Statements leave Brisbane Mayor standing on very thin ice

After a three hour consolidation meeting after the eviction, Mr Shannon Ruska, a Yuggera elder said they will meet Mayor Graham Quirk's at a meeting next Tuesday 22nd May, and that an indigenous 'Welcome to Country' ceremony should become a permanent feature of the annual Greek Paniyiri Festival.

Chris Kazonis - Paniyiri Festival spokesperson said the Greek communities concern was not the Tent Embassy being there but the amount of recently erected tents at the events main entrance. "It wasn't a major thing and I thought we could work around it, quite comfortably," he said.

The fire still burns

Brisbane Times May 17th 2012

A Musgrave Park traditional owner has urged Greek Paniyiri Festival organisers to make a "Welcome to Country" ceremony a permanent feature of their annual event on the West End site.

The call came after tent embassy protesters and Brisbane indigenous elders held a three-hour meeting today to discuss the future of the Aboriginal community's involvement with South Brisbane's Musgrave Park.

Aboriginal traditional owner Shannon Ruska, who attended the meeting, said indigenous elders had accepted Lord Mayor Graham Quirk's offer of a meeting on Tuesday next week to discuss the future of Musgrave Park.

Mr Ruska, a Yuggera elder, also said he had asked that an indigenous 'Welcome to Country' ceremony become a permanent feature of the annual Greek Paniyiri Festival, which is held at Musgrave Park.

The 2012 festival will be held this weekend. The tent embassy protesters were yesterday kicked out of the park by 200 police after being issued with a council eviction notice earlier in the week.

Mr Ruska acknowledged members of Brisbane's indigenous community had been asked by the festival organisers to perform on Sunday.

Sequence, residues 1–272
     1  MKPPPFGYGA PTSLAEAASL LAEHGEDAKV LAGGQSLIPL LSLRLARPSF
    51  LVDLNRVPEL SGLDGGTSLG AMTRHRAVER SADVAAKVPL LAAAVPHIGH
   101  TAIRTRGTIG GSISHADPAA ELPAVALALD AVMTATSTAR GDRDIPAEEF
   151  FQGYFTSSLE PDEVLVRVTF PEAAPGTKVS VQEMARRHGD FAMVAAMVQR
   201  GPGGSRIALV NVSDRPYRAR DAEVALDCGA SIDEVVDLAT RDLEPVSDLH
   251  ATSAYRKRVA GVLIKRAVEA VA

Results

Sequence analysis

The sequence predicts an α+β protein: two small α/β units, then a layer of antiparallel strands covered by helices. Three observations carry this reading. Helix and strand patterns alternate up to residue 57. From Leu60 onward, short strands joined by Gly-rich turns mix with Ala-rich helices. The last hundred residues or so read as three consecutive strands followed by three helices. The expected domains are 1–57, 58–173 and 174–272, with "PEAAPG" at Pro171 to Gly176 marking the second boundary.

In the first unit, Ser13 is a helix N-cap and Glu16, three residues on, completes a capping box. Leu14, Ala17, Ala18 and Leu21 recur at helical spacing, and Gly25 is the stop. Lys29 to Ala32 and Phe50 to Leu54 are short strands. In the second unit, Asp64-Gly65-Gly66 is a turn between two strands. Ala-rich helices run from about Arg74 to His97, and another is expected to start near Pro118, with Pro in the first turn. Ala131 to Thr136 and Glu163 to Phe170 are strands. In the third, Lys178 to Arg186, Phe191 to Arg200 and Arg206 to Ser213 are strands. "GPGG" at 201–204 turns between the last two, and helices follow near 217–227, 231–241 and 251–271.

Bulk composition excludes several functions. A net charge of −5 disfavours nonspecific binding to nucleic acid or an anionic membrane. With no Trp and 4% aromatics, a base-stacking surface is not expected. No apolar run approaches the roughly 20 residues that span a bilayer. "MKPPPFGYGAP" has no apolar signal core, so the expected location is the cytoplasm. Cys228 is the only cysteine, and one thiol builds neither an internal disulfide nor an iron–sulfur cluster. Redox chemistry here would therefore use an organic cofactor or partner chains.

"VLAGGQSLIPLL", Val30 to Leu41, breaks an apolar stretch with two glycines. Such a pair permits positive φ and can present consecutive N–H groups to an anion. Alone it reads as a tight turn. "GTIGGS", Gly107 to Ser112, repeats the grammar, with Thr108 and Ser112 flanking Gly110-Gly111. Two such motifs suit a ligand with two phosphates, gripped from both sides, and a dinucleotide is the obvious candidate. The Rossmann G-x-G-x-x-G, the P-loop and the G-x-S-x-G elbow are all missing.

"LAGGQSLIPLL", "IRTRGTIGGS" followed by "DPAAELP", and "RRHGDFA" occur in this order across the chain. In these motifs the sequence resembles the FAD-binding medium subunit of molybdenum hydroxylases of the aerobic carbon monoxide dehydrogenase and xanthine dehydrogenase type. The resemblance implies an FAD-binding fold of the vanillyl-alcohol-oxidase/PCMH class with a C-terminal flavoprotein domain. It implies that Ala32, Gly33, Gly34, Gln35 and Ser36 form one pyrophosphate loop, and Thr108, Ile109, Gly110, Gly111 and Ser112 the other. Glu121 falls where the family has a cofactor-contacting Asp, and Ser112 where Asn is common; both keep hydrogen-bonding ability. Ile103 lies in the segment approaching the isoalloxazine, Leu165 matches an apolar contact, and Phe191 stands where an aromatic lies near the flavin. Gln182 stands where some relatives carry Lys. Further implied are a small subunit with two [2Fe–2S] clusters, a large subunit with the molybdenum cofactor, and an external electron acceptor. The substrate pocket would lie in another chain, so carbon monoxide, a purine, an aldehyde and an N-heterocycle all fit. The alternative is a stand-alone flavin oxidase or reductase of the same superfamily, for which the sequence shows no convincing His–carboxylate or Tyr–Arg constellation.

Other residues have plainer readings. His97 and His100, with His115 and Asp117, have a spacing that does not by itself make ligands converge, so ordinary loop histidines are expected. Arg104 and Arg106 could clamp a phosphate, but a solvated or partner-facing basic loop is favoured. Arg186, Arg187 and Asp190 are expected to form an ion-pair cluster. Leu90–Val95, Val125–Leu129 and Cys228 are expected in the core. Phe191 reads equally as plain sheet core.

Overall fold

"And we are prepared to do that," he said.

But he said the respect should be permanent.

"Welcome to Country has definitely got to be a permanent addition to Paniyiri," he said.

"Because it is the formal Aboriginal way of welcoming people to their land since the beginning of time."

He said the Brisbane indigenous community had a good relationship with the Greek community, a point reciprocated by Paniyiri Festival organizer Chris Kazonis this afternoon.

Chris Kazonis - Paniyiri Festival spokesperson

Mr Kazonis said a 'Welcome to Country' had featured at the festival in 2009.

Mr Kazonis said he had contacted Brisbane City Council raising concerns over the tent embassy at Musgrave Park only as the number of tents began to increase as Paniyiri neared.

"It wasn't a major thing and I thought we could work around it, quite comfortably," he said.

When the number of marquees grew to 10 or 12, and at the main entrance to the festival, festival organisers put their concerns in writing.

Mr Kazonis said there were extensive behind-the-scenes negotiations with tent embassy representatives, Greek community president Jim Georgiou, Aboriginal elder Sam Watson and Lord Mayor Graham Quirk before the council asked police to enforce the eviction.

Mr Kazonis said the fact Brisbane City Council was in caretaker mode before the local government elections on April 28 had delayed a compromise solution.